Output exceeding expectations for Alaska Glacier Seafoods

Company looks for more ways to get fish out of Juneau to market

Standing between the “filet room” and the “butcher room” at Alaska Glacier Seafoods in Juneau, Peter Hochstoeger explained that these rooms might look totally different tomorrow.


Hochstoeger, the Plant Facilitator at the fish processing plant, was co-leading a tour for a group of local business figures Tuesday. The group, organized by the Juneau Economic Development Council (JEDC), included Rep. Justin Parish, Mayor Ken Koelsch, Assembly member Loren Jones, JEDC employees and local business owners.

Pointing back and forth between the two rooms, both of which included assembly lines of employees cleaning and cutting salmon, Hochstoeger pointed out that AGS sets it apart by being versatile.

“In a processing plant, the key to success to be multi-dimensional, to be able to do different things,” Hochstoeger said. “Like, you go to some plants and they’re set up one way and that’s it. They’re just bolted to the ground and they can’t shift it. Not us. Like, you come here tomorrow and we could be doing Dungeness crab. It’s always changing. The face of the inside is changing.”

The production has grown quickly for the family-owned business, preparing all five major Pacific salmon varieties, halibut, black cod, sea cucumbers, salmon roe (eggs), crab and more for consumption. They ship out millions of pounds of seafood every year, almost too much for planes and ferries to handle.

When the company started in 1996, President Mike Erickson and his family were selling shrimp cocktail in downtown Juneau. Then the company moved to the 10,000-square foot facility it still occupies, located just next to the Auke Bay Ferry Terminal.

“Things kept on going and every year, you buy a few more fish and sell a few more and pretty soon you need a little more space and yada, yada,” Erickson said. “We’re bursting at the seams here right now.”

Both Erickson and Hochstoeger said this year’s salmon haul has greatly exceeded expectations. Erickson said he wouldn’t be surprised if the actual output this year is 40 percent higher than projections. It’s a pleasant surprise, he said, but it can be a tough adjustment to dealing with so much more product than expected.

“This year has been kind of extraordinary,” Erickson said, “because the fish showed up a lot stronger that what the forecasts were, so you’re never quite ready. Fish don’t pay attention to what you have to say. They come when they want. It’s a highly perishable product and you’ve got to be ready to deal with that stuff pretty quick.”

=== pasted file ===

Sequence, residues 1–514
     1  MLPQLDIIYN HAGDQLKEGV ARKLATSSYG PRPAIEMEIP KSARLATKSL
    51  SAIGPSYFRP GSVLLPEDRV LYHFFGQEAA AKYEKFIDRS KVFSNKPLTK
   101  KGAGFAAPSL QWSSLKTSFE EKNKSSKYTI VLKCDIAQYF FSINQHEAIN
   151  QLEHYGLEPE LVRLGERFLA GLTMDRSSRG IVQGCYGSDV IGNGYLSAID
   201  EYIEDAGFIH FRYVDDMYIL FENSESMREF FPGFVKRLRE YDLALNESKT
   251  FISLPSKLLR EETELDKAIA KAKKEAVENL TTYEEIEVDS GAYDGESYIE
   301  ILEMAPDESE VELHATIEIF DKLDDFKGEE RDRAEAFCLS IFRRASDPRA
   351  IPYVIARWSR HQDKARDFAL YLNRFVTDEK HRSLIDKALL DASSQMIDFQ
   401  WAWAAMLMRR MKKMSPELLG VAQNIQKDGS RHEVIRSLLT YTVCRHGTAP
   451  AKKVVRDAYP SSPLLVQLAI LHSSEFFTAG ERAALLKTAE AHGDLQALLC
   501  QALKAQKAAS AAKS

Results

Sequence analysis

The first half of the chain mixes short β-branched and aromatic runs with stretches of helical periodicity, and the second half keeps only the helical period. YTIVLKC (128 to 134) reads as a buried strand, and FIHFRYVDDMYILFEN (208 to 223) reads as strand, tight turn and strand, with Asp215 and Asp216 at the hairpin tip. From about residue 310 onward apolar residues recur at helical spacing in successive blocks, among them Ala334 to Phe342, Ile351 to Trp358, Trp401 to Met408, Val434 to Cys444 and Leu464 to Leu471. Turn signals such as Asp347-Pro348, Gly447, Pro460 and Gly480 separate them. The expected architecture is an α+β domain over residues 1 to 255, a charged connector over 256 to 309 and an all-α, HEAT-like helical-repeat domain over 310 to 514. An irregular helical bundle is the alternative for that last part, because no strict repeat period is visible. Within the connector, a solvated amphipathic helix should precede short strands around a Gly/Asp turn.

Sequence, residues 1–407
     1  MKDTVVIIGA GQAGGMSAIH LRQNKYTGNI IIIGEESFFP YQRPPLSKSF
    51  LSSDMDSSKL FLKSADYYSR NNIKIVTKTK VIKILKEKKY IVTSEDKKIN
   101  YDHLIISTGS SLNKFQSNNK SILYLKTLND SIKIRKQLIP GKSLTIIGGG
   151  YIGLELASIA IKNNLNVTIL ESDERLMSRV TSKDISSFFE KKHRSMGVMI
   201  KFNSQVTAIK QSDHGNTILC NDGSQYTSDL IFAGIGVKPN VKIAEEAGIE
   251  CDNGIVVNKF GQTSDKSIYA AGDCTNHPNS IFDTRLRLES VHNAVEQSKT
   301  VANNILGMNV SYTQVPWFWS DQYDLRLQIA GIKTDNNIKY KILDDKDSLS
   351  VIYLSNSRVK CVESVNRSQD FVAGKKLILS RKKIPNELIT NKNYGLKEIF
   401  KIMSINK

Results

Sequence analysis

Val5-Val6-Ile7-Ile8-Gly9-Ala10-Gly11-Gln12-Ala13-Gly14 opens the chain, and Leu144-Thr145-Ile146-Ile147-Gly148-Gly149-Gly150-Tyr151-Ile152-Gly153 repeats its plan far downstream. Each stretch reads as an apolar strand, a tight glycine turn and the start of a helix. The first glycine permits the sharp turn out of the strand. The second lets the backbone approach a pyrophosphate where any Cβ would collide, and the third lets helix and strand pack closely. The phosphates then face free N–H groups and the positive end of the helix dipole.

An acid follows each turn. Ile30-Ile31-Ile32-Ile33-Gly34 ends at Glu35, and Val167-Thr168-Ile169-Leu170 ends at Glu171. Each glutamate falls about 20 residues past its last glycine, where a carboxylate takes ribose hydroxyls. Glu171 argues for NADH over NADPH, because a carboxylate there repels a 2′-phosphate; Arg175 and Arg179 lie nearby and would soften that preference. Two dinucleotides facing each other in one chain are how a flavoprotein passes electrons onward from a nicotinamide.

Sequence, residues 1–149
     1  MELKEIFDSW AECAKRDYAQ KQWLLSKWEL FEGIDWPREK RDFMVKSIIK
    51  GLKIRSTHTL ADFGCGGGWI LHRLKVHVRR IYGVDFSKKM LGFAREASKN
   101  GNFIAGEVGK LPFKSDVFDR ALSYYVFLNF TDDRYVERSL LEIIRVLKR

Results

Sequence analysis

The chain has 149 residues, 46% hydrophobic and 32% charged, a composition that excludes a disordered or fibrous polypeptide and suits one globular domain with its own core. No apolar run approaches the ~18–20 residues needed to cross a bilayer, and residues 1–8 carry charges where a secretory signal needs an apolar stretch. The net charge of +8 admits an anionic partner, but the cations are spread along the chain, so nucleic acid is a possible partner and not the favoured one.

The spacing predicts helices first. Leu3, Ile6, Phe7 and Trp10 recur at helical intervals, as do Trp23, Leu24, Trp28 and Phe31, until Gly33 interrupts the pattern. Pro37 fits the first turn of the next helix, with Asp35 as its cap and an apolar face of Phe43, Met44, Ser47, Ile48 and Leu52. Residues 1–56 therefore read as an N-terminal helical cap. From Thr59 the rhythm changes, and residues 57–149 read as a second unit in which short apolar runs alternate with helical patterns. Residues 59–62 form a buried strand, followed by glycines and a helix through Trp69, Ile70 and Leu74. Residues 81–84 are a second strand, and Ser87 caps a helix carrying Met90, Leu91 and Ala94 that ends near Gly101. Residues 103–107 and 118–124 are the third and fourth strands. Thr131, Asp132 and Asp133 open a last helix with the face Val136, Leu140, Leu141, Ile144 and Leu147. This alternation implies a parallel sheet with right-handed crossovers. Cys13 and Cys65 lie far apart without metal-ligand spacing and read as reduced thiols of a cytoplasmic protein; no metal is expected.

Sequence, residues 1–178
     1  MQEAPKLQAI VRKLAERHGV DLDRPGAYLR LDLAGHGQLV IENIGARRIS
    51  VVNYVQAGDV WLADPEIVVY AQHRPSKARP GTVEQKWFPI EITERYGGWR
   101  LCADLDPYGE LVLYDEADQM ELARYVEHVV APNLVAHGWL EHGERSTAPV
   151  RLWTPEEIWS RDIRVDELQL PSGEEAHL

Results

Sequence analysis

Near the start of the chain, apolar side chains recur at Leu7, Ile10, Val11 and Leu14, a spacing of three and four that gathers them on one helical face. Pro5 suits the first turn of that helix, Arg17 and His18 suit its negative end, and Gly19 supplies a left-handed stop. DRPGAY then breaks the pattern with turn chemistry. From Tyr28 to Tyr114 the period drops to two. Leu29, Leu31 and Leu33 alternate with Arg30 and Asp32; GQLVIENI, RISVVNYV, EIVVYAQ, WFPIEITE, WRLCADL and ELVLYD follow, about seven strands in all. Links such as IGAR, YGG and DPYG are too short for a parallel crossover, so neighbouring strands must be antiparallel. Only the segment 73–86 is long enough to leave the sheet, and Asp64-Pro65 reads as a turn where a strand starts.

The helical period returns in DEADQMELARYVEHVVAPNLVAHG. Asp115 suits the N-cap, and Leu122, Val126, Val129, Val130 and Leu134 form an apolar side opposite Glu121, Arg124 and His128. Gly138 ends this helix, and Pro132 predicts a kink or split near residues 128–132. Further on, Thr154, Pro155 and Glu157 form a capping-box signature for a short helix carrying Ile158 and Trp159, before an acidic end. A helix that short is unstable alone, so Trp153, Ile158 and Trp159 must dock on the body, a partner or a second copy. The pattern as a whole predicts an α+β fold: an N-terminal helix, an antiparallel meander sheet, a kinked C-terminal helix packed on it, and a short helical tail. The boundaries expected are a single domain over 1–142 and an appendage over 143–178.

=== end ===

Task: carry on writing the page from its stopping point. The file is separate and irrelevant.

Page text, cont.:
Getting the fish out of Juneau

The problem with reeling in so many fish (and crab and sea cucumbers, etc.) in Juneau is it’s tough to get the products to where they need to get.

As she co-directed Tuesday’s tour, Business Manager Kristie Erickson said her father-in-law (Mike) often contemplates solutions to making the business more profitable, and one of the biggest keys to AGS being successful is finding ways to quickly get its fish to market.

It’s also key to expanding, which AGS wants to do. With more and more fish coming through there every year, the relatively small facility puts a ceiling on how much AGS can produce. The more serious issue, Mike said, is figuring out a way to get more of the fish out of Juneau.

The airlines can’t accommodate the volume that AGS is putting out, so the company relies more on ferries to move the fish. With funds dwindling for the Alaska Marine Highway System, the company is facing an uncertain future.

“The problem we have is the unknowns,” Mike said. “What’s gonna happen next year? What’s the budget gonna be for the ferries? Without knowing that, how do you plan? I don’t want to add a building here when I don’t know if I can get my product to market.”

A solution, Mike said, would be a road out of Juneau. At the close of Tuesday’s tour, he spoke at length about how beneficial he feels a road could be, both for AGS and its competitor Taku Smokeries, but also for Juneau as a whole. He said the amount of fish that comes into Juneau could double or triple, in addition to the amount of fish going out.

“It would be huge,” Mike said. “We are for a road. It’s hard to determine how much of an impact it would have on the community. So much product would be able to get here and be able to get to market very quickly.”

Last year, Gov. Bill Walker left the Juneau Access project off his proposed budget, signaling an end to the most recent effort to build “The Road,” as it’s commonly called. The proposed road would go to a ferry terminal near the Katzehin River, which would allow for shorter and more numerous ferry trips from there to Haines and Skagway.

The City and Borough of Juneau Assembly passed a resolution in support of “The Road” in January and voted in May to set aside money for a study to be done into road systems in Southeast Alaska.

With “The Road” still just a distant possibility, however, Mike said the focus at the moment is on hoping the ferries keep running.

“We’re praying the service doesn’t go down any more,” Mike said, “just because it would have a huge impact on what we can do here.”



• Contact reporter Alex McCarthy at alex.mccarthy@juneauempire.com.




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